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Discovering the history of Argyle
Pic A Argyle 2012
ARGYLE is written on glass panes on the front of the second story house at 503 North Ash St. in Springfield. - photo by Photo by Susan Exley

A few months back Murray and Rachael Kight asked if I knew the history behind the house at 503 North Ash St. in Springfield with ARGYLE written on it. Thus began a journey to write this article.

My aunt Mary Turner shared that her son, Norman Turner, who is a local historian, had a picture of it being built. I borrowed what turned out to be a real photo post card made by J.W. Heidt of Pooler (this is stamped in white on the card). Norman was given the photo by Clara Tebeau, daughter of J. Robert Tebeau.

John Tebeau, grandson of Jim Tebeau, says he was told his grandfather Jim built ARGYLE. Holy Trinity Lutheran Church was being built at the same time as this house, as was the Effingham County Courthouse. Brothers Jim and Robert Tebeau were both contractors and built many structures in the area. The men pictured in the adjacent photo likely included Jim Tebeau and perhaps Springfield City Councilman Charles Hinely’s grandfather, who was a local brick mason at the time.

The home was built by H. W. McCartney, who came to Effingham County as president and cashier of the Exchange Bank of Springfield. He came from Virginia, according to “River to River the History of Effingham County.” Word of mouth states the name ARGYLE was for his ancestral or plantation home. (Internet searches link the name ARGYLE to an unincorporated area in Logan County, W. Va.; perhaps this was where he came from or the name had roots in Scotland.)  The bank was organized and opened in 1908. The bank encountered difficulties and closed. In 1921, Mac Marchman came as liquidating agent and reopened the failed bank.

On Sept. 8, 1919, the Argyle house and land originally owned by the McCartneys was sold by W. T. Daniels to N. D. Beckwith, a dentist, of Burke County, for the sum of $6,900. The land consisted of 12-5/8 acres, consisting of several small parcels originally owned by H. W. and or Maria McCartney.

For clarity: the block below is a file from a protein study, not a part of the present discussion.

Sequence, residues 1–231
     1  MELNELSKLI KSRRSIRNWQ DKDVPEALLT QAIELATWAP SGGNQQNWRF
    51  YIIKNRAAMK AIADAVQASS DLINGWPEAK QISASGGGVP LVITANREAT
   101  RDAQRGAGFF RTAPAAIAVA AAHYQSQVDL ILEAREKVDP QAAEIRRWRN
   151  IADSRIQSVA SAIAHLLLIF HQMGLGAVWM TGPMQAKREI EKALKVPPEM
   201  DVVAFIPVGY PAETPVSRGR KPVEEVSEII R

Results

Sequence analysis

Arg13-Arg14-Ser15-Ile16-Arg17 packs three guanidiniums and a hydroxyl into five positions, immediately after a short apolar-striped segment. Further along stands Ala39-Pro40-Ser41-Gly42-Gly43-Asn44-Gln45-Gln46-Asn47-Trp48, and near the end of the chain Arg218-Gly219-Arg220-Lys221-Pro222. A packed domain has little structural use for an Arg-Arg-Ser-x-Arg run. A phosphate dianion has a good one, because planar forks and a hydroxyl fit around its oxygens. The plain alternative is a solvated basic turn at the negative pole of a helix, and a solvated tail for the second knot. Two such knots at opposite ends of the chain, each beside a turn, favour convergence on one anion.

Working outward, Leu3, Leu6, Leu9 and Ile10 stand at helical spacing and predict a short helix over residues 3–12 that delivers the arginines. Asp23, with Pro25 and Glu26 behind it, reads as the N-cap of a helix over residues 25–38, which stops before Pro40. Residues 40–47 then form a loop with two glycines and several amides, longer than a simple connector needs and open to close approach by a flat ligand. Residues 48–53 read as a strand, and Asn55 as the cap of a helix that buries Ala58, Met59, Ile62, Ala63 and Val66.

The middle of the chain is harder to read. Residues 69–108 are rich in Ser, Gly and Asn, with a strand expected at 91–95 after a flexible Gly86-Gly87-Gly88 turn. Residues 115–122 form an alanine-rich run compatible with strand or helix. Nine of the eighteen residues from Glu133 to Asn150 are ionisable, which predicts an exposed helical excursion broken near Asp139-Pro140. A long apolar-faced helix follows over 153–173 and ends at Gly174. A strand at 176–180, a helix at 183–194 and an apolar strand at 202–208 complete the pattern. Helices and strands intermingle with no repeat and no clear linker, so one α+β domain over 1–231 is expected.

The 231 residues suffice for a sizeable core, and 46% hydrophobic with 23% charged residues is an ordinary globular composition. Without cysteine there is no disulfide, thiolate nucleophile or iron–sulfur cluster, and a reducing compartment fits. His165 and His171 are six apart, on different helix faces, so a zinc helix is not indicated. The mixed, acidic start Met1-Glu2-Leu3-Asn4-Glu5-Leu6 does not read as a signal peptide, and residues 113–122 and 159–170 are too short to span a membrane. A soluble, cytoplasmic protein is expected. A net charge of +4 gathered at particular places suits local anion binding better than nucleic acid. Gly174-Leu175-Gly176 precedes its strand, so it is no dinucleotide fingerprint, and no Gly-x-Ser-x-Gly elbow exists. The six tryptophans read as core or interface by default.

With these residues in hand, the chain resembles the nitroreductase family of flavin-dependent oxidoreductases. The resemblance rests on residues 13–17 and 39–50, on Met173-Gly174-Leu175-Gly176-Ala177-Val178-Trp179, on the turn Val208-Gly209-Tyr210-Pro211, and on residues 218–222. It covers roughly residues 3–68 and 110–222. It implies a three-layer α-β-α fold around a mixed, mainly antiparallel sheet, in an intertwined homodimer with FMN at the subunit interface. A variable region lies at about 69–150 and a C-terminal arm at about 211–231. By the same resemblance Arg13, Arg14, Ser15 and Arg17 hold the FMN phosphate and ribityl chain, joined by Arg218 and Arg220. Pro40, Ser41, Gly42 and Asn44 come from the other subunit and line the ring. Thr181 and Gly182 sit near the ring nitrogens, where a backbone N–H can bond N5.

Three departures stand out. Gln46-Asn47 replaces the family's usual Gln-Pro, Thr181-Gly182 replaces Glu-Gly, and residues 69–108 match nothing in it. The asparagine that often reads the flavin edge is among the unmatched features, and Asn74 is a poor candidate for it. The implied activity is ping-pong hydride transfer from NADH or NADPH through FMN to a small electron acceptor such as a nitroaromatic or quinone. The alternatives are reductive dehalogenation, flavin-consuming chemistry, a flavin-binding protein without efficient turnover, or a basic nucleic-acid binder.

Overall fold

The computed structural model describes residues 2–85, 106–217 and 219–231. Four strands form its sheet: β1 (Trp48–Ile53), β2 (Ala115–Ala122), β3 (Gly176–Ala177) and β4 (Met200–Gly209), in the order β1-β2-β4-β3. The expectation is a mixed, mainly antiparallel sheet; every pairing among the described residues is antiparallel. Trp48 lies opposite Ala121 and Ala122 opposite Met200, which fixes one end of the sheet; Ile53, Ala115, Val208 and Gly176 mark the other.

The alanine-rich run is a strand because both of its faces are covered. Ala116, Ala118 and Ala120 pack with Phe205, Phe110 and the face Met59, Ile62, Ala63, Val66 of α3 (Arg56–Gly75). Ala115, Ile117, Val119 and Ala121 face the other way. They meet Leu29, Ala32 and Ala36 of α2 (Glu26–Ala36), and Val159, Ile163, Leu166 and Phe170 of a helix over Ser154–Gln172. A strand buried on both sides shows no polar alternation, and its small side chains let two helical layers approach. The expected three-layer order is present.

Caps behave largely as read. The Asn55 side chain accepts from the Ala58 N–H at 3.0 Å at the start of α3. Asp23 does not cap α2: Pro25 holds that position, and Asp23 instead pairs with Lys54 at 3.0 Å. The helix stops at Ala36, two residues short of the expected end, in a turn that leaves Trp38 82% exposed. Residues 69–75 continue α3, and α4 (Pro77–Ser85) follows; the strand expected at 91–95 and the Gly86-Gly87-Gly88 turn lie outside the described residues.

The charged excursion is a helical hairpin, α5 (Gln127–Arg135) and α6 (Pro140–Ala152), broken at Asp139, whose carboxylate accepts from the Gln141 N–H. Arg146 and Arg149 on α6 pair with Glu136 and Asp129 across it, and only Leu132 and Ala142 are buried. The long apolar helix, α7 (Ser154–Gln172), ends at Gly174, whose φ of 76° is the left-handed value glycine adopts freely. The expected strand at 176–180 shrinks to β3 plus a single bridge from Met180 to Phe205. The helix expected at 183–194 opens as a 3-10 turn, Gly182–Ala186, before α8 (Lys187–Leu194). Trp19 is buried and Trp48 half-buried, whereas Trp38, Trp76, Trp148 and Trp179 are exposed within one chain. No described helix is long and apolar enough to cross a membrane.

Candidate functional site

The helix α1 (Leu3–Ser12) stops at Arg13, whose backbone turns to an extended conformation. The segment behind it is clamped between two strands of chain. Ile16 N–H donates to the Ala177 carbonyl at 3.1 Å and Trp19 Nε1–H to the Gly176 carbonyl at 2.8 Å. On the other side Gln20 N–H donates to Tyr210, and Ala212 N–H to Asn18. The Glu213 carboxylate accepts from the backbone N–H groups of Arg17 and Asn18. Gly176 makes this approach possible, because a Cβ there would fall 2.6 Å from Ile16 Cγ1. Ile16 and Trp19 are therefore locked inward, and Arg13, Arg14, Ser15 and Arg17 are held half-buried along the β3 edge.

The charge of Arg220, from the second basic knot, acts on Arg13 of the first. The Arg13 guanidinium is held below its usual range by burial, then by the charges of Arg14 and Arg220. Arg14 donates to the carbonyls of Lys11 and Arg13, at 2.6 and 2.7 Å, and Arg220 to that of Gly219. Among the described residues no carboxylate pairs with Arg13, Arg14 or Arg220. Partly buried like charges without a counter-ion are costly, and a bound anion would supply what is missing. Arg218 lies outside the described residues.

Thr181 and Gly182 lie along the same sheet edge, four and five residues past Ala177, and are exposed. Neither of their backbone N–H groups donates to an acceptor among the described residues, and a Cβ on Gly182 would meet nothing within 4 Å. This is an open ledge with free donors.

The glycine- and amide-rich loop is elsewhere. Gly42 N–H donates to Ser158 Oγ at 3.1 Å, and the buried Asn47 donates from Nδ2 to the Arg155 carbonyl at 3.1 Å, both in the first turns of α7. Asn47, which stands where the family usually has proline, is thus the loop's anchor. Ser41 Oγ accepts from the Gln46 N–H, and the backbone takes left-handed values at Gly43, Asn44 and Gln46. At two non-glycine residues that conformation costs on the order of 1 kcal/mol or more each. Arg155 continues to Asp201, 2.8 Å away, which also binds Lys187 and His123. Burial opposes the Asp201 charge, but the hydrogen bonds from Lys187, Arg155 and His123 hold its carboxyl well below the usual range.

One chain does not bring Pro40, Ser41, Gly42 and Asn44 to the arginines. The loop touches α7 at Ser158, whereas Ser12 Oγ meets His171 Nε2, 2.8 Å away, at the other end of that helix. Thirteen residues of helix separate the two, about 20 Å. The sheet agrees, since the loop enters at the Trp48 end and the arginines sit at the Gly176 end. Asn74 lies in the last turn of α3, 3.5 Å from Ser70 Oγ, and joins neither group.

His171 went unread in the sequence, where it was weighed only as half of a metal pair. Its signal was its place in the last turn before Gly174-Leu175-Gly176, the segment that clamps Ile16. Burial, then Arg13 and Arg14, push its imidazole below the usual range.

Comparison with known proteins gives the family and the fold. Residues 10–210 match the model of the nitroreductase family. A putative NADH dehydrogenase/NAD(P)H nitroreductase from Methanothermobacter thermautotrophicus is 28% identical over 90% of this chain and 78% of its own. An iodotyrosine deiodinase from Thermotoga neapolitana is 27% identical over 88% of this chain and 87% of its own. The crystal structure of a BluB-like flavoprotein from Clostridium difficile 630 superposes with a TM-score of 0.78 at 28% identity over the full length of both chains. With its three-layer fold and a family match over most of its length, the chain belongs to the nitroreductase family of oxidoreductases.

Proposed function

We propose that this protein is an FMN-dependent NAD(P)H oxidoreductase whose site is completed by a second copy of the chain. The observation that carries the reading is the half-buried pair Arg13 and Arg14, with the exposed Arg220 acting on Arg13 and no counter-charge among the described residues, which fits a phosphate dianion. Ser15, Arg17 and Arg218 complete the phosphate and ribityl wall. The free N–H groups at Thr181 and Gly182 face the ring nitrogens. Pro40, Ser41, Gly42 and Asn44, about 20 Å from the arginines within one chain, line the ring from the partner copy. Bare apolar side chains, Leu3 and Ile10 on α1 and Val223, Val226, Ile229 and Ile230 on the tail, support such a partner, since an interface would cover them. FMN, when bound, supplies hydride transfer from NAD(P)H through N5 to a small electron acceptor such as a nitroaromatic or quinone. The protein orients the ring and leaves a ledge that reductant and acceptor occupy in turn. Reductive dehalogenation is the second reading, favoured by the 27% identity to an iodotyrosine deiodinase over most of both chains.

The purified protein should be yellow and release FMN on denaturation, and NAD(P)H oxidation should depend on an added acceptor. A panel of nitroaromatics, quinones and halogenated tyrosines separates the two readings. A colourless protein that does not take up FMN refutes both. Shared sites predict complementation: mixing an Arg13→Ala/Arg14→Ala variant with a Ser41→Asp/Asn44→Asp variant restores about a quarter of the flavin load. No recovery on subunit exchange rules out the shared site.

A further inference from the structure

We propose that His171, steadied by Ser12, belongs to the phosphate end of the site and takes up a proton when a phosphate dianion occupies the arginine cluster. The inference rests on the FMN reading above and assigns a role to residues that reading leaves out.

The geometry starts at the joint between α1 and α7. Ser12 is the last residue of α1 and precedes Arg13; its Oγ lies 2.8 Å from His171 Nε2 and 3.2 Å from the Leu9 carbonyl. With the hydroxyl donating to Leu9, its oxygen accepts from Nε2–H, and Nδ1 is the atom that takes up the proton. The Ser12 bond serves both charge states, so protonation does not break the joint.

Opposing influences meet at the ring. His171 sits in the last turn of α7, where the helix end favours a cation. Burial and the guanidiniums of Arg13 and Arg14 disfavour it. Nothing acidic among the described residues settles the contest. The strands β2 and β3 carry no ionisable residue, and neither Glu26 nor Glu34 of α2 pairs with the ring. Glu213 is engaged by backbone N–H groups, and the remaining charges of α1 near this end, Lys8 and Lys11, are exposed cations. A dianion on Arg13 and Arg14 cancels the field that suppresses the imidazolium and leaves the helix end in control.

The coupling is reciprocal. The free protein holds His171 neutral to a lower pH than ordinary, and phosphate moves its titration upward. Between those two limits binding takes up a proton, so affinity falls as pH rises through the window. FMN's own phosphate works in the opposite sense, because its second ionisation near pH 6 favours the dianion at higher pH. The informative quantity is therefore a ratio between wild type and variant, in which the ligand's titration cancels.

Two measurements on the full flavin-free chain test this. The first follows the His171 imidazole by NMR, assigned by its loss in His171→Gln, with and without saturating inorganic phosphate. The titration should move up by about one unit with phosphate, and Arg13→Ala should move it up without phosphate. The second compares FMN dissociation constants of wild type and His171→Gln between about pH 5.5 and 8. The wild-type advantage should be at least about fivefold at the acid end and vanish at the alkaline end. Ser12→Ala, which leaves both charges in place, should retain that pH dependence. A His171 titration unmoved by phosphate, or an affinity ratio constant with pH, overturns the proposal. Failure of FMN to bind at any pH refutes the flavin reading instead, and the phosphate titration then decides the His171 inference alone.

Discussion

One parcel, a 4 acre tract, was conveyed by deed to Maria McCartney from Jas W. Gordon on March 30, 1909, for the sum of $100 (Book 25, page 302 Effingham County deed). On Oct. 25, 1910, H. W. and Maria McCartney purchased 3-5/8 acres for $100 from James W. Gordon (Book 30, page 46). On May 5, 1911, a 2-acre tract was purchased from James Gordon by H. W. McCartney for a sum of $400 (Book 32, page 583).

Another tract of 2-3/4 acres was purchased from Jas Gordon on December 17, 1913, for $10 (Book 40, Page 437).  The Beckwith purchase included three lots as well from Mr. Daniels noted in deed book 25, page 448. 

The Neoclassical Revival house was built with red brick walls that were 14 inches thick. There was an outside and inside brick wall with bricks lain crosswise between the walls. This allowed the two-story house to retain the heat and also to be cooler in the summertime, and there was a basement which often held water.

The home is described as Georgian featuring a central partial, two-story, pediment gable portico supported by huge Doric columns. The portico is flanked by flat-roofed, one-story porches supported by the columns, each with second-floor, brick balconies with small French doors with two light transoms and elaborately carved door surrounds.

The hip roof was made of terra cotta tiles and it had nice corbelled chimney caps. There was at one time an exterior stairwell on the back of the home. As late as 1958 (on the left side of the home in the photo) the house had a buggy port with a door at buggy level for ease in getting into a horse drawn carriage. There was a well house and a barn for horses and carriage storage house on the original property.

In the front gable of the house, glass panes with painted letters spell out the word ARGYLE. The unusual panes were removed for a time but have been restored and now occupy their original spot.

The house had a total of five fireplaces with three downstairs (three rooms were served by the triple chimney) and two upstairs on the left side. On the right side of the house there was a chimney with two fireplaces downstairs and one upstairs. In 1958, there was only one bathroom and it was upstairs.

For a good many years there was a tenant type house that sat on the backside of the property according to former residents.

Part of the over 12 acres of land once owned by the McCartneys was sold by the Beckwith family and now is occupied by the adjacent Board of Education offices at the former site of Effingham Academy and later Springfield Elementary School. The homes in Laberta Circle sit on former property of the original McCartney estate. Argyle, which now sits on a single large lot, has changed ownership through the years and is presently the home of Robert and Patricia Payne.

Next week I will tell you about some of the people who lived in the house and how the building was utilized through the years.

Deeds were reviewed in the Effingham County Courthouse. This was written by Susan Exley of Historic Effingham Society. If you have photos, comments or information to share, contact Susan Exley at 754-6681 or email her at: